Q: In a previous interview you mentioned that you had no delusions about changing the world. Well – the way I see it, when someone gets offended at least it’s proof of some form of mental arithmetic taking place (for better or for worse). So even if you’re just presenting people with the ‘opportunity’ to suddenly say : damn -bugger the lawn – there’s got to be another way. Isn’t it worth it?
A: Generally speaking, I believe I’m mostly preaching to the choir. The vast majority of people who read the papers my cartoon appears in, the free weekly city papers here in the states and in Canada, are youngish urban dwellers with a left bent. So we’re all of a similar mind to start. There are some right-wing blowhards out there who read the papers only to “monitor” the content. They’re the ones I usually hear from.
But I just don’t believe cartoons have the power to make or change opinion. Nor do I really want to. I wanted to when I was young and stupid but long ago left that behind. Besides, the world is becoming more and more rigidly divided. Or, at least this country is and, since we have all the guns, we’re the ones that count. My recent cartoons on our new President have generated some unbelievable letters… most, hilariously… full of grammatical and spelling errors. All because I make fun of some doofus frat boy whose party managed to steal an election? C’mon. And, of course, we’re so simple-minded in America that these people think I’m a Gore supporter just because I make fun of Bush, when the truth is I couldn’t stand EITHER of the bastards. As for changing the world…I’m really just in it for the laughs, man. I figure if I can make someone chuckle for a minute or two once a week then, hey, that’s not such a bad accomplishment is it?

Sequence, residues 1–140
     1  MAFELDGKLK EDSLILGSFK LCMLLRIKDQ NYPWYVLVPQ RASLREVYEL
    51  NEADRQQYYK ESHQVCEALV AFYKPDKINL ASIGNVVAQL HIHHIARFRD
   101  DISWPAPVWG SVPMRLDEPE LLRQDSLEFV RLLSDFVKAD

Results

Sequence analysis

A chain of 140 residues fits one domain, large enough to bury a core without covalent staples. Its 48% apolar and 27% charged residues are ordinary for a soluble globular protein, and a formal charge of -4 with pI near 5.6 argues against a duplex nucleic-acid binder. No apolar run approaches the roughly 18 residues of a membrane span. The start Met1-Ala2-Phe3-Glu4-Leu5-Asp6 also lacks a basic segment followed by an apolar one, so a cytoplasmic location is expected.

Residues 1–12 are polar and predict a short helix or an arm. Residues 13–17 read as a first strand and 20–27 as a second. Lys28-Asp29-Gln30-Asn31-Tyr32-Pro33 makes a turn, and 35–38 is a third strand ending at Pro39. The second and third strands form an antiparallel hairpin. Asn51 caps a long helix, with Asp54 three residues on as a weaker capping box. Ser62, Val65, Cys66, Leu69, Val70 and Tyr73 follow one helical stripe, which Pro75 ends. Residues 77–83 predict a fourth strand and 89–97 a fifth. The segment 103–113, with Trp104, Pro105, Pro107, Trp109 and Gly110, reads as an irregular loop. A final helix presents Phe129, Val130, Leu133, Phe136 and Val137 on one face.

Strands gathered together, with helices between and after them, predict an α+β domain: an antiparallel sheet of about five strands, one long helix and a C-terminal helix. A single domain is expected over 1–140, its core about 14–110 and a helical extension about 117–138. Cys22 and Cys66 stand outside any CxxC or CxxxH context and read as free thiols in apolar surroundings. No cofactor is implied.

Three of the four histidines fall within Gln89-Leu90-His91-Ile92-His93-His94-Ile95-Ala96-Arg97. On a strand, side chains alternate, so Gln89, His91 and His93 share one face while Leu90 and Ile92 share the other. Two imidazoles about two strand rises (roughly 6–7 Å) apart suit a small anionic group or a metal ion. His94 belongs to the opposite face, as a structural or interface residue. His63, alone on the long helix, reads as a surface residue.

Q: I see the recent US. election as evidence that the notion of the American Dream has indisputably gone belly up, bobbed to the surface and swelled in the midday sun.
A: Well…It’s my contention that happened long ago. Reagan, Clinton, the Bushes…. every one of them sold out the common man. Perhaps Clinton worst of all, because he was such a hypocrite, pretending to be the defender of the average joe while giving the capitalist machine whatever it wanted. But Dubya is really the first president entirely bought and paid for by corporate interests. He should have a bar code tattooed on his forehead. And the American Dream has, at best, only ever worked for a relative few. This recent post-election debacle could have been worse, of course. There was no violence in the streets as opposition groups clashed. I was actually a bit surprised there wasn’t, given the rancor. The fighting was restricted to the courtroom as lawyers duked it out and on the airwaves as the spinmeisters battled for the upper hand. Lawyers and spin… THAT’S the American Way.
Q: You’ve called the ‘Suburban Plague’ the most destructive cultural movement in the last 50 years. What steps do you think could be taken to try and take a big chip out of the status quo? To present and promote alternative outlooks?
A: The key is some sort of regionalism where communities work together to preserve green space and farms and put an end to, or at least slow, sprawl. There are places– Oregon, for example– where they’ve had some success with it. Certainly, in Europe they do it very well. But not any place I’ve lived, unfortunately. Florida, where I got my start as a pro cartoonist, for instance, really just needs to be sawed off at the panhandle and allowed to drift away. There’s no saving it. I live in Ohio now and it’s shocking how much farmland has been lost. That farm town I grew up in is now covered with $1-million homes. Fucking yuppies covering the fields with giant monuments to excess. The eventual solution? We just have to use our brains… which means there’s probably no hope.
Q: O.K. Lets take a look at the worst case scenario – If nothing changes and things carry on in the direction they’re currently going, where do you see humanity in say 50 years time?